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-   -   American Lambic Project (http://www.homebrewtalk.com/f127/american-lambic-project-334083/)

adamjackson 06-08-2012 06:47 PM

American Lambic Project
 
I want to take some time and do it this summer to make a barrel aged Lambic (Lambik / Lambiek)

I know it takes some time (one year, right?) to ferment and let the wild yeast do it's thing. I know it's a lot of work so no need to post it all here but are there online guides to doing this?

Basically here's what I want to do.

1. Create a Lambiek using wild yeast
2. ferment it for two years in an 8 gallon oak barrel
3. At the one year mark, I make another one
4. Blend the two at the two year mark
5. Re-ferment in a larger barrel or metal fermenter with fruit additions.

I know it's a big undertaking but I think it'll be a lot of fun. So, no speculation please, I'd like to hear from people who have actually done this successfully and what they learned.

I read this but there just aren't many exhaustive guides to doing this at home - http://www.byo.com/stories/beer-styles/article/indices/11-beer-styles/979-lambic-brewing

adamjackson 06-08-2012 06:56 PM

Also, similar topic. Anyone have experience with barrel buying? I was thinking of doing a system of 3 15 gallon barrels but would like to go smaller..but after so long, (2 years), if the beer was really good, I'd probably wish I had more.

Barrel Rack

15 Gallon French Oak Barrels

French are a bit more expensive than American oak but I hear it's worth the price

dcp27 06-08-2012 08:14 PM

personally, I'd do a solera so its an ongoing blend and you only need 1 barrel. every 6-18 months, pull out a few gallons and replenish.

also, i would not buy a new oak barrel for this. it'll get way too much oak character. try to bug a local brewery/vineyard/distiller for a used one

ToddPEI 06-08-2012 08:25 PM

I agree with dcp27. Having a used barrel will allow you to get some of the oak flavour, but allow you to keep it from over-powering the rest the flavours. Also, they will most likely be less expensive than the barrels listed at the site you posted.

Homebrewtastic 06-08-2012 10:05 PM

For ease and making sure you don't ruin your batch, I would recommend capturing the yeast first then stepping up the culture to a pitchable amount. I say that because the first several tries for me to capture wild yeast ended up with black mold, the fifth try yielded wild yeast.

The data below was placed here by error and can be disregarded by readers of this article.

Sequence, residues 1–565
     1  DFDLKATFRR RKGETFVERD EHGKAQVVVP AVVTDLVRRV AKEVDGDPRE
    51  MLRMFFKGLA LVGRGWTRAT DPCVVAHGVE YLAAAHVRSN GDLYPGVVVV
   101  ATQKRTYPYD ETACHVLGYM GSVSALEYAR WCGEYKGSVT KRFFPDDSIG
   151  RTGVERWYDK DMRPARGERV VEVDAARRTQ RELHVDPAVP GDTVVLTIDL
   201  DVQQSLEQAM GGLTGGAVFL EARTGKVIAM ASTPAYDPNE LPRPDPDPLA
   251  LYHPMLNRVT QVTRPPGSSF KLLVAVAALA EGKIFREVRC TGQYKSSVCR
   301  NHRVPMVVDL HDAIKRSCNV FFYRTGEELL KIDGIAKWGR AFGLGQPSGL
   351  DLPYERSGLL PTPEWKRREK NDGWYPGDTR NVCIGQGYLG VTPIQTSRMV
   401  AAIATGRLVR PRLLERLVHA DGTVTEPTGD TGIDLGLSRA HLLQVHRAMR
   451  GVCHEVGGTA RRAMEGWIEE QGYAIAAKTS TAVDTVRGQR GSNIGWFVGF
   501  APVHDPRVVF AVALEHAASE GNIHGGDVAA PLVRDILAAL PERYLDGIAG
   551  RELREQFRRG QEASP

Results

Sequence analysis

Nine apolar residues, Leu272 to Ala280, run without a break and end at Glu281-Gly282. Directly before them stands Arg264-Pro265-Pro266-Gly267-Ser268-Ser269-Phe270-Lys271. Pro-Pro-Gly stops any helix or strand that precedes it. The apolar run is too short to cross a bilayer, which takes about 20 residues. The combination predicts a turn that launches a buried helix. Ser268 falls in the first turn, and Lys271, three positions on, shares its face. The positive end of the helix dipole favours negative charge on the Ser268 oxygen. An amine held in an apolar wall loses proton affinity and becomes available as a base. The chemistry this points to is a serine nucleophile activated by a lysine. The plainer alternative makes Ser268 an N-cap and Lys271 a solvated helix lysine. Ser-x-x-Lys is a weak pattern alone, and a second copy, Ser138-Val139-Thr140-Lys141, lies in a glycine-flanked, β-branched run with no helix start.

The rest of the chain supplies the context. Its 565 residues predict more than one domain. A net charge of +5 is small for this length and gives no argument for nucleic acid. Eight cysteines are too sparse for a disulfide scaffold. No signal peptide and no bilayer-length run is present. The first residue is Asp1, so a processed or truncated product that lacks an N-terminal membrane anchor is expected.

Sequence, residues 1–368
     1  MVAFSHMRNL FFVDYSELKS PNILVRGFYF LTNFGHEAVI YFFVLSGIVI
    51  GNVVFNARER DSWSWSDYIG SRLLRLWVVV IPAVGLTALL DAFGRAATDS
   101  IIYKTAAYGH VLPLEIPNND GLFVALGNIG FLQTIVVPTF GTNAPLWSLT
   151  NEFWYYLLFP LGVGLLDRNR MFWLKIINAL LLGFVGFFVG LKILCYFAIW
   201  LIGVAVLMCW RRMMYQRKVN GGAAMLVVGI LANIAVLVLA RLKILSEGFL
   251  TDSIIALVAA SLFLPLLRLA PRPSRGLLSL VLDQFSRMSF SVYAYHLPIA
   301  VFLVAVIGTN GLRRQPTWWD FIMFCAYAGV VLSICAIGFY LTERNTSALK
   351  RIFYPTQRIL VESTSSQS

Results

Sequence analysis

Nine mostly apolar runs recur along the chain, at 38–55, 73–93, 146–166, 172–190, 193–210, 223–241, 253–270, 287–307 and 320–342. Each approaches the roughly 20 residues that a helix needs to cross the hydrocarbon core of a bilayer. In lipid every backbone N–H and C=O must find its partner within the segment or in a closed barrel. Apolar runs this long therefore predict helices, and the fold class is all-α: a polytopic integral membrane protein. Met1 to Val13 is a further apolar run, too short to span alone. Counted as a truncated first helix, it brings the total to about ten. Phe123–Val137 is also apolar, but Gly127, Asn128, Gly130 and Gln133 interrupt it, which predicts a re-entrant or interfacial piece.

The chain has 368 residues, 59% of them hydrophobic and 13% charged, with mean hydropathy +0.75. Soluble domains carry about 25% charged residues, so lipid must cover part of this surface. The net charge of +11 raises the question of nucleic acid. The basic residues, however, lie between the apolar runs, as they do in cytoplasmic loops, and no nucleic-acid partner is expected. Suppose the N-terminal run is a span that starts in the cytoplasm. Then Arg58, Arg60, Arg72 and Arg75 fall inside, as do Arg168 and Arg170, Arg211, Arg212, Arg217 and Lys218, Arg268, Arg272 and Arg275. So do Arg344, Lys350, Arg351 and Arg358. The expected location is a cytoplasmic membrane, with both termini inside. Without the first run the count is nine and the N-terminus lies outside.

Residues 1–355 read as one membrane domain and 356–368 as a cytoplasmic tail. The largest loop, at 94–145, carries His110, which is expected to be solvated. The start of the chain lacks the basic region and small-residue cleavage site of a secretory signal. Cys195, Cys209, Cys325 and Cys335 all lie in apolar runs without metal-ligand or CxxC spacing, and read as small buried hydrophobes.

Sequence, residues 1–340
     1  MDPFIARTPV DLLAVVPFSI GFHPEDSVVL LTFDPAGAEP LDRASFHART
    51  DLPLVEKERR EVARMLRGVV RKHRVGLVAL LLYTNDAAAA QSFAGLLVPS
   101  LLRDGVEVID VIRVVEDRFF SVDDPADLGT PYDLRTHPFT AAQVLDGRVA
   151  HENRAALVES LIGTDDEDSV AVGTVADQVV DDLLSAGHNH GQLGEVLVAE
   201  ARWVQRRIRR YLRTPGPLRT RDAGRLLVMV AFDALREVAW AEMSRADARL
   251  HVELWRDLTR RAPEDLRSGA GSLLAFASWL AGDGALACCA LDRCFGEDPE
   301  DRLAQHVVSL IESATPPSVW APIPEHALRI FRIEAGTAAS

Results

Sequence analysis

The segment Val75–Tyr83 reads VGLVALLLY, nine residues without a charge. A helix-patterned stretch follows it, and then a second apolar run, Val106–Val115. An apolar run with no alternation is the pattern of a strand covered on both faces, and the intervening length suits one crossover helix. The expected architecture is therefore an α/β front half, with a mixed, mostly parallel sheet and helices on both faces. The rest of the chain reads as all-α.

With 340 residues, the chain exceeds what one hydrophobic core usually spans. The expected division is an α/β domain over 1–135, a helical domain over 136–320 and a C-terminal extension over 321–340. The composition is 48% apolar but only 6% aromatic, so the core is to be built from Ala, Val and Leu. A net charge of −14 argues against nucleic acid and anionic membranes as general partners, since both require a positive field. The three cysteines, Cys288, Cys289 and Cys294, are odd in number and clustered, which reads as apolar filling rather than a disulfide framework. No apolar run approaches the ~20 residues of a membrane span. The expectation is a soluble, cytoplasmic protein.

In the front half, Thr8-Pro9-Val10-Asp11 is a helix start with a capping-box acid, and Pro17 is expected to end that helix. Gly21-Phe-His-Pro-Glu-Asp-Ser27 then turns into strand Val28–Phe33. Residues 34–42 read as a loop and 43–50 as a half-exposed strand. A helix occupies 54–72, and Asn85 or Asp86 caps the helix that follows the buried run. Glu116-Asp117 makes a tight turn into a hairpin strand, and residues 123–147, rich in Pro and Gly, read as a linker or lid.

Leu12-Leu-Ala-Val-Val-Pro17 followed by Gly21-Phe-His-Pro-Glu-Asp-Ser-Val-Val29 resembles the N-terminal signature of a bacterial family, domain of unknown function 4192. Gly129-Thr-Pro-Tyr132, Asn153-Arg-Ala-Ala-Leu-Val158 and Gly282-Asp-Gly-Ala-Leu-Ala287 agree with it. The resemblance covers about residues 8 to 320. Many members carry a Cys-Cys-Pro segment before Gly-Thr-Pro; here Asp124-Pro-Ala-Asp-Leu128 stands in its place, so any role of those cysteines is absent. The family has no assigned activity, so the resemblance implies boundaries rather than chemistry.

Bobby_M 06-08-2012 11:20 PM

Based on how long term of a project this could be, I'd recommend trying to find some other interested parties and using a used wine barrel. You actually want it at the point where a vintner has no use for it anymore other than reconditioning. I also agree that trying to score with local wild yeast is touchy. I'd much rather pitch the know Lambic blends. I'm not an expert but we did just take an NHC first round Gold with a barrel aged Framboise.

ReverseApacheMaster 06-09-2012 12:22 AM

Probably best off trying to score wild yeast off local fruit rather than trying to rely on the air unless you have lab skills to take what you want and leave the rest.

My attempt at culturing wild yeast got something that produced a ton of diacetyl, definitely some sacc-like yeast and brett. Probably some other stuff. For a while it tasted like nasty butter. Then brett and a little butter. That was about 4-6 months out (I forget which). I found some of the cake in my fridge that was about 18 months old. It smelled slightly tart and cherry-ish with no butter. I dumped it (before I smelled it) and was sad. Then I realized I had some frozen so I'm building up a starter of it now to toss it in some beer. So lesson there is don't assume you will like what you get or get something drinkable after a year. You may have to sit on the beer for 18 months or two years (or more) before it gets somewhere enjoyable.

adamjackson 06-09-2012 01:17 AM

Great tips. Yeast first then go from there. Can you get the yeast from some of the popular more wild beers? I have these breweries in my cellar

3F
Boon
Cantillon
Orval
Lost Abbey
Russian River
girardin

Are any of those breweries making beers that have yeast easily extractable?

eastoak 06-09-2012 01:45 AM

i would go with american beers since it's an american lambic.

dcp27 06-09-2012 01:55 AM

Quote:

Originally Posted by adamjackson (Post 4156272)
Are any of those breweries making beers that have yeast easily extractable?

all of those have usable dregs (orval is just sacch & brett tho, no bacteria). heres a list of others: http://www.themadfermentationist.com/2010/06/harvesting-sour-beer-bottle-dregs.html


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